J Headache Pain. 2022 Aug 4;23(1):95. doi: 10.1186/s10194-022-01465-1.
BACKGROUND: The diagnosis of migraine is mainly clinical and self-reported, which makes additional examinations unnecessary in most cases. Migraine can be subtyped into chronic (CM) and episodic (EM). Despite the very high prevalence of migraine, there are no evidence-based guidelines for differentiating between these subtypes other than the number of days of migraine headache per month. Thus, we consider it timely to perform a systematic review to search for physiological evidence from functional activity (as opposed to anatomical structure) for the differentiation between CM and EM, as well as potential functional biomarkers. For this purpose, Web of Science (WoS), Scopus, and PubMed databases were screened.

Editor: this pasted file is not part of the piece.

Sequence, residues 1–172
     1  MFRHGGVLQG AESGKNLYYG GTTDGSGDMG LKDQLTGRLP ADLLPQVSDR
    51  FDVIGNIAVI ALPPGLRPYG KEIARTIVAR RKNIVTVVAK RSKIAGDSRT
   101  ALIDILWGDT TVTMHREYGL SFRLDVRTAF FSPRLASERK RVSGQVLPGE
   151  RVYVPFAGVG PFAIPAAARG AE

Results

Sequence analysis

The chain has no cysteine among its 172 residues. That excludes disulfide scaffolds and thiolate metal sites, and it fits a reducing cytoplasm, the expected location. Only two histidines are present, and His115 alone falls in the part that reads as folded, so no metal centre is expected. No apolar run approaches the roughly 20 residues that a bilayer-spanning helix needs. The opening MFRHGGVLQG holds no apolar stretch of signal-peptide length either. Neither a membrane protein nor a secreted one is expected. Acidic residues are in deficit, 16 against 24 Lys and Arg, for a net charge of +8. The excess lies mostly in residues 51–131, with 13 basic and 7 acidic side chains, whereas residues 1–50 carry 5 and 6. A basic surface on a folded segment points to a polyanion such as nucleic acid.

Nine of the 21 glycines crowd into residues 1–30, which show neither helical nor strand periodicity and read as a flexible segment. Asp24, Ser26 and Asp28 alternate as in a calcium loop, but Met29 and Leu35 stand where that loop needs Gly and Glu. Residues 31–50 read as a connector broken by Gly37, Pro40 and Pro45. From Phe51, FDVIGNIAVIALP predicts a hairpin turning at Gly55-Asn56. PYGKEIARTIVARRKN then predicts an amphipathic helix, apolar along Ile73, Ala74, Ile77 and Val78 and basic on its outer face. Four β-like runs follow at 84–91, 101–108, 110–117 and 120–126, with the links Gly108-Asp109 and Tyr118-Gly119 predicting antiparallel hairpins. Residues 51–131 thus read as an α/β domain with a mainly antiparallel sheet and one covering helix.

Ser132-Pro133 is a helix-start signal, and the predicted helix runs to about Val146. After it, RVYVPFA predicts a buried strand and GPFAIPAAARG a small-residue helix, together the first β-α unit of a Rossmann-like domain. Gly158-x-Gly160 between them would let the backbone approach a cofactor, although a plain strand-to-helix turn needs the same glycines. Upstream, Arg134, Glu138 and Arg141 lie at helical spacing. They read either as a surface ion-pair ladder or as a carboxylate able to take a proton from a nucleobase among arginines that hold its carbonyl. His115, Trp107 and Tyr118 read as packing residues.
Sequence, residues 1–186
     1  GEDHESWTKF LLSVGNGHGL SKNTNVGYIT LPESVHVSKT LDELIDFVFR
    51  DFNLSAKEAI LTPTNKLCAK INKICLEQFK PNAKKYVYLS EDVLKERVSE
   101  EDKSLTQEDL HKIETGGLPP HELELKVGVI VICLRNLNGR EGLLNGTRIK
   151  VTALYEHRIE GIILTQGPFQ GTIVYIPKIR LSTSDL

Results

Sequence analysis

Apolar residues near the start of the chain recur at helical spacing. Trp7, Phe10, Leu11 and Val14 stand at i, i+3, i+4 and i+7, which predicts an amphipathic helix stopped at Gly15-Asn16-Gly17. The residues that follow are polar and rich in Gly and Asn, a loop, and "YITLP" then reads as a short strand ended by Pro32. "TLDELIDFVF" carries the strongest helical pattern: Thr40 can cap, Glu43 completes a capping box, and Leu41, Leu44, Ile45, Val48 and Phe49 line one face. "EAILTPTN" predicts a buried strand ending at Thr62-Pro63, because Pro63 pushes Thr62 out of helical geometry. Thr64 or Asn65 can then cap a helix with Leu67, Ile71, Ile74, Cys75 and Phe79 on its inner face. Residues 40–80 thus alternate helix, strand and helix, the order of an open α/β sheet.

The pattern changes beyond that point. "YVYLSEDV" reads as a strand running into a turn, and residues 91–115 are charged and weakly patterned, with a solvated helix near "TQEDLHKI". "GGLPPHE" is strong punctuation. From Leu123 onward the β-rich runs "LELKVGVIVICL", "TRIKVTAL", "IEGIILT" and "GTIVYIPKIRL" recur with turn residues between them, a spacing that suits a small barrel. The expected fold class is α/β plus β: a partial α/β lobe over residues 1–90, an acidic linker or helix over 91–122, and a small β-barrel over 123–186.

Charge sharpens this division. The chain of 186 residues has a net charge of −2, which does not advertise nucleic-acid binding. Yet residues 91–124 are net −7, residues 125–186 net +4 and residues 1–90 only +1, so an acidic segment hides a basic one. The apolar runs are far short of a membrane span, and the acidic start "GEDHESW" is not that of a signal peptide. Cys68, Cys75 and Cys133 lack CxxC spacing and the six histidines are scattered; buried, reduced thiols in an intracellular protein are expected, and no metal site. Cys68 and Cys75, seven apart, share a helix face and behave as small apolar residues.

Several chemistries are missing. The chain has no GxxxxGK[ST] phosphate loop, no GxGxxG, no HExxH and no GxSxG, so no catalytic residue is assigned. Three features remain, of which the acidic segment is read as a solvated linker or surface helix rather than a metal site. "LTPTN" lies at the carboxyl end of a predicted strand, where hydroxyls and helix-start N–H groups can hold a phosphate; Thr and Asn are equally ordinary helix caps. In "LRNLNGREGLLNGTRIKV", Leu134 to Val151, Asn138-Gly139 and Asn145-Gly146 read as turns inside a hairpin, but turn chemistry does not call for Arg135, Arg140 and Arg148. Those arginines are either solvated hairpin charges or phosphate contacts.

FINDINGS: Among the 24 studies included in this review, most of them (22) reported statistically significant differences between the groups of CM and EM. This finding is consistent regardless of brain activity acquisition modality, ictal stage, and recording condition for a wide variety of analyses. That speaks for a supramodal and domain-general differences between CM and EM that goes beyond a differentiation based on the days of migraine per month. Together, the reviewed studies demonstrates that electro- and magneto-physiological brain activity (M/EEG), as well as neurovascular and metabolic recordings from functional magnetic resonance imaging (fMRI) and positron emission tomography (PET), show characteristic patterns that allow to differentiate between CM and EM groups.
CONCLUSIONS: Although a clear brain activity-based biomarker has not yet been identified to distinguish these subtypes of migraine, research is approaching headache specialists to a migraine diagnosis based not only on symptoms and signs reported by patients. Future studies based on M/EEG should pay special attention to the brain activity in medium and fast frequency bands, mainly the beta band. On the other hand, fMRI and PET studies should focus on neural circuits and regions related to pain and emotional processing.